I looked up from pushing my bike to see the jumble of rocks continuing as far as I could see. I’d try to ride for a bit, challenging myself to see how far I could make it before needing to dab, but the rocks would often win. Sometimes though, I’d have a good run, cleaning long stretches of trail before giving in to mental or physical fatigue. I’d start pushing again, stopping every now and then to wait for my riding buddies and let my shoulders rest. In terrain this technical, my upper body often tires before my legs do.
We were climbing Signal Knob Trail in the northern Massanutten region of Virginia. This section of trail is part of the 70-mile long Massanutten Trail, which creates a “Ring” following two ridges. The riding here is known to be highly technical. Doing a “Full Pull” of the Ring (the entire 70 miles in less than 24 hours) is something that rock-loving riders aspire to — and it’s not so easily done.
As I alternated between walking and riding my bike up the 4-mile long/1,500 foot climb, I couldn’t imagine riding this terrain for 70 miles. I absolutely love rocks and consider myself a pretty decent rider of them, but I was only a few miles into this ride and my body was already feeling it (in all fairness, I hadn’t been mountain biking as much as usual this past spring due to a combination of wet trails and injury recovery).
Though brutal, I was thoroughly enjoy the ride (and walk). Our efforts were rewarded with plenty of vistas, and well, I mentioned that I love rocks. We passed several large groups of hikers, all of whom marveled at the fact that we were riding bikes up this trail.
The descent down Bear Wallow goes on the list of one of my favorites ever. It starts out pretty chunky with a few sketchy drops, then slowly mellows out into minor rock gardens and then smooth, flowy trail towards the bottom.
For day 2, we chose do a point to point on another section of the Massanutten Trail, parking a car at the bottom of Veach Gap, climbing to the ridgetop and riding it for a while, then descending Shawl Gap to the other car. The shuttle eliminated grinding out a lot of road miles on a twisty, highly-trafficked back road with zero shoulder.
The Veach to Shawl section had a little bit of everything. The climb in the beginning wasn’t nearly as difficult as the one up to Signal Knob the day before — it was mostly rideable, at least. But by mid-morning, it was already so humid that the sweat poured off me in buckets.
The top of the ridge was characterized by large slabs of rock and evergreen trees growing close to the trail. Their sharp needles left mini scratches on my arms and legs. Charred tree remains alluded to a semi-recent forest fire. Open areas aplenty looked out onto the mountains beyond.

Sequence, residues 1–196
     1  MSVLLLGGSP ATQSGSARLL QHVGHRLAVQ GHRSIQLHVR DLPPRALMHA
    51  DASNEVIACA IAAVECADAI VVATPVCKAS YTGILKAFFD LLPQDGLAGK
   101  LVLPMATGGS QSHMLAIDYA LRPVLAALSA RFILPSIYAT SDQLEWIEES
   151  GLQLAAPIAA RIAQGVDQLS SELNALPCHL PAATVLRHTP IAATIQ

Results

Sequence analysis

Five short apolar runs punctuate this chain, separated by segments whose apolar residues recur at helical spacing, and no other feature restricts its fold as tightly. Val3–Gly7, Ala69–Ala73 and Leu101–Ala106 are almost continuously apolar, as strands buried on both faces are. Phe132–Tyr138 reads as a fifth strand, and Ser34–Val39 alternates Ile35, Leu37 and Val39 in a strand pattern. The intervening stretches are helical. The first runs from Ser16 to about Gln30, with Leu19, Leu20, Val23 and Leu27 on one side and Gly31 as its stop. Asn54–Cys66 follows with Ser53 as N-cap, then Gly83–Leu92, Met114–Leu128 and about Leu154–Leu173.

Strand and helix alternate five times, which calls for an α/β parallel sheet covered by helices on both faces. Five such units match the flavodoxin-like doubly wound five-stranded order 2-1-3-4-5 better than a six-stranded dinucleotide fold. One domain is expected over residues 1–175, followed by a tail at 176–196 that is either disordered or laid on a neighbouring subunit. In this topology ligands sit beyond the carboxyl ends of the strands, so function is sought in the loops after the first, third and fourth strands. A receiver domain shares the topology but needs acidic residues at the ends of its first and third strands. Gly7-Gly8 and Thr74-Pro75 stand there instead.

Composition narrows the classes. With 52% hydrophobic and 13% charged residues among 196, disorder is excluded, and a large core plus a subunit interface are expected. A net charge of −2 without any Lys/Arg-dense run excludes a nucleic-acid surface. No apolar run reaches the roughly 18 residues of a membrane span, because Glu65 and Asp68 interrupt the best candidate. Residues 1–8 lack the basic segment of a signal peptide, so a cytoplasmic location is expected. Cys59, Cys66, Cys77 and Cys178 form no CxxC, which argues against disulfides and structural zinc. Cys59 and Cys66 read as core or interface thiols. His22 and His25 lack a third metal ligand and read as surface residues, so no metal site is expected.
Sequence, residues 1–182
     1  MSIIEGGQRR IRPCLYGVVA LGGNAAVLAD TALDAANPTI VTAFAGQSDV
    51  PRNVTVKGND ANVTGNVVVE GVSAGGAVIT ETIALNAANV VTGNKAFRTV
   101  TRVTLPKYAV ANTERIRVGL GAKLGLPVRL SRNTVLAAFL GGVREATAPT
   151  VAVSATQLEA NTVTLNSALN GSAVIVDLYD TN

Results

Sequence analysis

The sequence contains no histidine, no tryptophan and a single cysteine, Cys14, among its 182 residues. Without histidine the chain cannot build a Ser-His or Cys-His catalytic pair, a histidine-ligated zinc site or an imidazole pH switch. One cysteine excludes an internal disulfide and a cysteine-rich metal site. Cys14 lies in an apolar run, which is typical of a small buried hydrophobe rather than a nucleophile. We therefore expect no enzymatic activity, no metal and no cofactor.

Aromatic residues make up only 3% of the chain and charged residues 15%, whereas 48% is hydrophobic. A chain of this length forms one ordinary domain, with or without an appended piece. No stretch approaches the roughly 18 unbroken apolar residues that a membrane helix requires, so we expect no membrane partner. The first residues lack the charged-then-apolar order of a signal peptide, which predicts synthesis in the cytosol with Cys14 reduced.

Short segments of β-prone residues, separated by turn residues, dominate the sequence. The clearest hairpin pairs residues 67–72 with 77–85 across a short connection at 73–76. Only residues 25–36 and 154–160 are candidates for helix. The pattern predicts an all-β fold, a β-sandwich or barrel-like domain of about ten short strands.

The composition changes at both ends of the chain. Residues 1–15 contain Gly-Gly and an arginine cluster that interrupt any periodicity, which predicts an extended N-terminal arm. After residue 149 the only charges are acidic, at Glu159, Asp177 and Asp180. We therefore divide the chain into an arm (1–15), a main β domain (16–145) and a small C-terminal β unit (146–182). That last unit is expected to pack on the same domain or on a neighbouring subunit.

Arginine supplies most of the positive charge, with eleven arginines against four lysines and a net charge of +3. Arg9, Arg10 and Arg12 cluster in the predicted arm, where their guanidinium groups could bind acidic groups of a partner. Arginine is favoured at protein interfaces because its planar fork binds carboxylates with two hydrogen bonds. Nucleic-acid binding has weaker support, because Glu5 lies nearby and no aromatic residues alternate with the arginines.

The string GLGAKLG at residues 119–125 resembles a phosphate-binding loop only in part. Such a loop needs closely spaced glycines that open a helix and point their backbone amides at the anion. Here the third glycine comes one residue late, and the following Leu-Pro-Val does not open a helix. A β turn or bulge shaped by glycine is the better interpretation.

But soon, the view changed. Evergreens turned back into deciduous woods. Needles scratching our exposed skin turned to briars and poison ivy. The trail followed the undulating ridgetop over a number of short but steep climbs and descents. Parts of the trail were so grown in that it was tough to see the rocks, adding an extra element of difficulty. Then the rocks subsided for a while and we were able to move a little faster.
So it’s not all super crazy rocks… Suddenly the entire Massanutten Trail seemed a little more doable. By no means anything but brutal, but maybe doable.
Shawl Gap was another fun descent, marked by several sets of stone stairs that looked intimidating but really weren’t that hard to ride down. Once again, it was rockiest towards the top of the ridge and mellowed out as we neared the stream at the bottom, popping out at the popular Elizabeth Furnace lot. We didn’t see any other mountain bikers, but there were plenty of hikers out and about, most of them with backpacks that suggested they were returning from overnights.
Tammy and I bid adieu to Carissa over Mexican food at Jalisco in Strasburg, then did a quick hike near Woodstock Tower to scope out some potential riding options for our final day in Virginia. We decided on a loop utilizing a gravel road to get to the ridgetop near the tower, then we’d head north on the Massanutten Trail and descend Mine Gap Trail back to the car.
We got out early the next morning to take advantage of the cool air, but it was still toasty by mid-ride. The ridgetop was scattered with intermittent rock gardens, but was overall one of the smoother parts of the Massanutten we’d ridden this weekend. It did get rockier the farther north we went, back towards Signal Knob.
We got to Mine Gap quickly and decided to continue along the ridge. There was another trail a mile or so farther that would dump us out onto the same road we’d parked on, and we could either grind some gravel back to the car or backtrack on the singletrack to Mine Gap. When we got to the next intersection, I wasn’t quite done with rocks but Tammy was, so we split up and I took the trail back and she popped down to the road.
The descent down Mine Gap was fast and spiderweb-ridden, and I arrived back at the car with silky strings covering my helmet and handlebars. We loaded bikes and were off, headed northward towards home.
As the highway exits flashed by, my mind was still on the rocky Virginia ridgetops, the hike-a-bikes and sweeping mountain views. It was on the sections of the map yet un-ridden, and it wondered what secrets those miles hold. The allure of riding the entire Massanutten Trail was alive and well, and it remains months after my first foray into the Ring.